Tag Archives: God

The Trinity: Why Stick With A Bewildering Doctrine?

Welcome to this morning’s service at St Augustine’s. We are delighted to have you with us.

Today is Trinity Sunday. The Trinity is definitely one of the more tricky Christian doctrines, and so this is one of the more complex pew sheets for the year!

  • Not three Gods, but one God: Father, Son and Spirit.
  • Not one God who changes from Father to Son to Spirit depending on what he’s doing. Rather, God who is Father in relationship with Son in relationship with Spirit in relationship with Father.
  • Not one God with three different heads that pop up at different times. Instead, the Triune God.

Is this supposed to make sense? And how do we make Christian belief simple and easy to communicate to a desperately needy world if we insist on doctrine that seems to contradict itself?

Interestingly, the Trinity is not explored or even mentioned in the Bible. What we do find though are these sorts of things:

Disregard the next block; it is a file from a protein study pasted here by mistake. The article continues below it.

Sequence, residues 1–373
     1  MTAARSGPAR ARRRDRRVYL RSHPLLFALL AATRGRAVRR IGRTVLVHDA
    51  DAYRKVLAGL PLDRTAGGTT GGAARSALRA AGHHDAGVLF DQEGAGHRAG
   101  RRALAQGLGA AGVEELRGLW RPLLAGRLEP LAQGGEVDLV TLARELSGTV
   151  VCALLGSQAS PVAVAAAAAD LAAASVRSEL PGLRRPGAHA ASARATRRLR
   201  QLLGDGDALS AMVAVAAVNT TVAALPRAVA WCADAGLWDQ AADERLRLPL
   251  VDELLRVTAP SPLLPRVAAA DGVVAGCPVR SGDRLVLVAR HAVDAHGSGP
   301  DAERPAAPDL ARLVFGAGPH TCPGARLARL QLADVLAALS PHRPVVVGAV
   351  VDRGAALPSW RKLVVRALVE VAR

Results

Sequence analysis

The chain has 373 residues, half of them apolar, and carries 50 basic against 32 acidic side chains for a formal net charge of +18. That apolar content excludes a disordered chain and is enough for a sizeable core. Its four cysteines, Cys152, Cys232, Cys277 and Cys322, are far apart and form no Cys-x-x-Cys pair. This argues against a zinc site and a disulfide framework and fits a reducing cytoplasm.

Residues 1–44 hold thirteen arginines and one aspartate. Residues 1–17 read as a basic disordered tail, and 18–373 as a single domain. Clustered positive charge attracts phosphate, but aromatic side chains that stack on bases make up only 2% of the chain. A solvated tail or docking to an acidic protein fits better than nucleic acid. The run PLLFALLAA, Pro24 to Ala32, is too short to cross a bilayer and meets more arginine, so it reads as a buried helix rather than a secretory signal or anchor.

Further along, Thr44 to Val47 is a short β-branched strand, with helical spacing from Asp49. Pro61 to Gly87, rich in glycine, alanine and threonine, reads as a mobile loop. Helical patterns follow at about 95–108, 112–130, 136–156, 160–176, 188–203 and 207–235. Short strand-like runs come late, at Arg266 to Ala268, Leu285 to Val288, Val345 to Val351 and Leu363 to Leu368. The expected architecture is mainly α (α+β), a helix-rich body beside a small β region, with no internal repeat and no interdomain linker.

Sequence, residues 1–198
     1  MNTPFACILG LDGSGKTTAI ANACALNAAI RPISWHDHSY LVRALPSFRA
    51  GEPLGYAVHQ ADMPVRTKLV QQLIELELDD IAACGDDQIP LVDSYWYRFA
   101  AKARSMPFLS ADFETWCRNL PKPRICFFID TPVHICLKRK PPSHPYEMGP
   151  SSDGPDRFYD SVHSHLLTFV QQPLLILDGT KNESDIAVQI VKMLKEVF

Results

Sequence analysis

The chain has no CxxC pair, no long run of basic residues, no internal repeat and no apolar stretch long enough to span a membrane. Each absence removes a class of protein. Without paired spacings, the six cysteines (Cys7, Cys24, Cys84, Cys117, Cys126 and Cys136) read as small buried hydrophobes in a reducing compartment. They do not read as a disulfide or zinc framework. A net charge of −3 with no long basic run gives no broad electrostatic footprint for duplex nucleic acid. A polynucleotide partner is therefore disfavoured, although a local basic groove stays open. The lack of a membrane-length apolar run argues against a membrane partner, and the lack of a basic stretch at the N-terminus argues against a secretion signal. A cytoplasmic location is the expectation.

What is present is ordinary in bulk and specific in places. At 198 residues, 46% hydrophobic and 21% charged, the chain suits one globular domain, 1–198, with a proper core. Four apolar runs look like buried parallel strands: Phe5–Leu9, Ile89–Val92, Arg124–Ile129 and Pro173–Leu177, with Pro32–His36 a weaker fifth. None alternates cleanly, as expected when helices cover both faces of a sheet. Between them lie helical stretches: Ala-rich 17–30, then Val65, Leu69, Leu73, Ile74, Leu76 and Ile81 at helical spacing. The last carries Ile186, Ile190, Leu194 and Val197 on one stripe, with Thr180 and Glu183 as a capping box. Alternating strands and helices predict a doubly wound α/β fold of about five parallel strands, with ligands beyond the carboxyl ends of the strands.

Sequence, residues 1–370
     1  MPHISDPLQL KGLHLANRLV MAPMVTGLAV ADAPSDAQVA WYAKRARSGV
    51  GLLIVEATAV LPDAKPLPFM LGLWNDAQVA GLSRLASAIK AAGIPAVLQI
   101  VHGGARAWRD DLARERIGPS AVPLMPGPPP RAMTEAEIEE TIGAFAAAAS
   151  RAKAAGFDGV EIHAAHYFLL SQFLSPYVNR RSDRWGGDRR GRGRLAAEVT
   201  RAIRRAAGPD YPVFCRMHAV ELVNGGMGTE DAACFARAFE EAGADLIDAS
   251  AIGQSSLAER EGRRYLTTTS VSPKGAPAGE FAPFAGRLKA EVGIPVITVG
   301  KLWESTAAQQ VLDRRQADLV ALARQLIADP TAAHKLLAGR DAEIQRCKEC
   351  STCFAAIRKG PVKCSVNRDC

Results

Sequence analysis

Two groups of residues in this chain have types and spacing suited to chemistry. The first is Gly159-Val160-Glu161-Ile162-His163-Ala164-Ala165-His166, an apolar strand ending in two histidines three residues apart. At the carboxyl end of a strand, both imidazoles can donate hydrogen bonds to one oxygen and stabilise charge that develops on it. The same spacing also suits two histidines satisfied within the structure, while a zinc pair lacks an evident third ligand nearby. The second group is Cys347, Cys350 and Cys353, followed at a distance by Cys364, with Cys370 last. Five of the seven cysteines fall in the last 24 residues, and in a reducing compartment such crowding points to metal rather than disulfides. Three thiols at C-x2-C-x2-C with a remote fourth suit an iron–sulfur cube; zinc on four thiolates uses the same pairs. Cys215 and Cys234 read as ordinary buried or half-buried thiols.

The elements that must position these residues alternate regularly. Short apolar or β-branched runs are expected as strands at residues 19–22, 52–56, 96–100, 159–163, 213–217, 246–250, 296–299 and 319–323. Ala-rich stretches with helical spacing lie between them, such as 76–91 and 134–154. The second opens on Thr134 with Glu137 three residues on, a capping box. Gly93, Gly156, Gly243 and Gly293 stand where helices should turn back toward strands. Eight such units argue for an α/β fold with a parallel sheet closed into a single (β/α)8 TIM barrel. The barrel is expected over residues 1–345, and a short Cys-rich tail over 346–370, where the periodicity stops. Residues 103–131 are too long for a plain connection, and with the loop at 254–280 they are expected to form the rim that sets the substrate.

• From today’s OT reading, Deut 6:4, “Hear O Israel: The Lord our God, the Lord is one” (“oneness’ is a key concept).
  • Psalm 24:10… who would the King of Glory be, entering Jerusalem to defeat God’s enemies? Yahweh Almighty himself! (yet it is Jesus who comes).
  • Jesus is described as God in numerous ways (e.g. “The word became flesh”, “The exact representation of God’s being”, “The Lord of Life”, “The [visible] image of the invisible God”.
  • Jesus refers to God as The Father, and himself as The Son, and talks about himself as having come from the Father’s side (John 17:5). And he promises to send the Spirit once the Son has gone… so in some way God is relational, even though there is only one God.

Yes this is complex. But why do we want God to be simple? What makes me want to explain everything about him, or draw a diagram to depict him?

God wants us to seek him. And he has made himself seekable in the pages of Scripture. But the Bible’s picture of God describes a glorious, unapproachable, incomprehensible, eternal being, who is the source of all life and wisdom. Put simply, I am merely a created being, and my wisdom is therefore limited. The doctrine of the Trinity is the best attempt by theologians to explain how God describes himself in the Bible. And in fact all the doctrine can do is show us what we can and cannot say about God.

So rather than leading us to speculation or cynicism, may the doctrine of the Trinity lead us to humility and worship!